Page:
Herbal medicine involves the therapeutic use of plants to create remedies to help prevent or treat disease or illness, as a natural alternative to chemical parasite control and enhance or maintain general health and wellbeing. Herbs also have nutritional properties, e.g. fibre, vitamins and minerals, and can be used to add extra nutrition to your pets diet. Read our article on What is Herbal Medicine?
Herbal remedies are used to treat physical illness and many conditions including immune related illnesses, chronic illness, diarrhoea, fungal infections and skin problems. Herbs work by stimulating the body's own natural responses so they have a more gradual healing effect than orthodox medicines.
Herbal Remedies for Dogs and Cats
Animals have been using plants for food and medicine long before the evolution of man. Dogs eat grass and plants today when they are either not feeling well or to gain nutrients they are not receiving in their daily food. Herbs also have healing and detoxifying actions and can be used as an effective medicine in the treatment and support of certain conditions.
While some herbs work very quickly (especially those with laxative actions), other herbs may take several weeks before you see an improvement in the health of your pet as herbs work to improve the natural function of the body rather than suppressing symptoms. As a body requires complete nutrition before the healing effects of herbal medicine will begin to provide curative results, poor nutrition will hinder the recovery process.
Many herbs (but not all) may also be used in conjunction with many conventional medications as they can assist the body to build immunity and remove toxins. A qualified herbalist must be consulted prior to administering herbal remedies (even off the shelf products) to your pet to ensure they do not interact with veterinary medicine in undesirable ways and are not contraindicated for a health condition e.g. a heart problem or lead to miscarriage.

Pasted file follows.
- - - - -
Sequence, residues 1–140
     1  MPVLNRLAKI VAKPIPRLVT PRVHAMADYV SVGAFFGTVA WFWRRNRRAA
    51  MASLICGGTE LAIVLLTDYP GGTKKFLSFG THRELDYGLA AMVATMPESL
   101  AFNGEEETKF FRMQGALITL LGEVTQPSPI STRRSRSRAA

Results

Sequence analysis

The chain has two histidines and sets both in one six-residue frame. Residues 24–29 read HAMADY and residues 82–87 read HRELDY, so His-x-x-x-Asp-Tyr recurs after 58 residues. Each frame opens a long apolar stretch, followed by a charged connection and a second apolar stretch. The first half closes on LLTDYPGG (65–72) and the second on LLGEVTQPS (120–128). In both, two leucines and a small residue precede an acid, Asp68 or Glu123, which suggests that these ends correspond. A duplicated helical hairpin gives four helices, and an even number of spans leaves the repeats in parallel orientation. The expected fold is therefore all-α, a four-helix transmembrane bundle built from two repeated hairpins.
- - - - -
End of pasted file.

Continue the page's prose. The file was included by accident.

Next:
How We Use Herbs in Our Treatments
Dried or fresh herbs may be added to your pets food or made into an infusion (similar to making a cup of tea but using herbs), decoction (usually made from the root of a herb that is boiled then simmered in hot water to extract its properties) or used to make a skin rinse. Fresh herbs make a better remedy but they can be hard to obtain and store. Where a herbal tincture is required, these may be purchased from Suppawtive Health Solutions. A few drops of the tincture is given orally or added to your pets food or water bowl each day.
A consultation with our qualified animal herbalist and nutritionist includes:
A discussion about your pets health and diet, which herbs your pet needs nutritionally and/or for the treatment of various illnesses
If required, we will recommend a herbal remedy specifically formulated for your pet and their individual needs. A remedy maybe advised in the form of dried herb either added to your pets food or made into an infusion or decoction, a tincture or a skin rinse
A follow-up online consultation to review your pets progress and adjust the treatment if required
Greek Medicine, Galen: Greatest Physician of the Roman Empire, n.d., http://www.greekmedicine.net/whos_who/Galen.html
Griggs, B, 1997, Green Pharmacy, The History and Evolution of Western Herbal Medicine, Healing Arts Press, Vermont, USA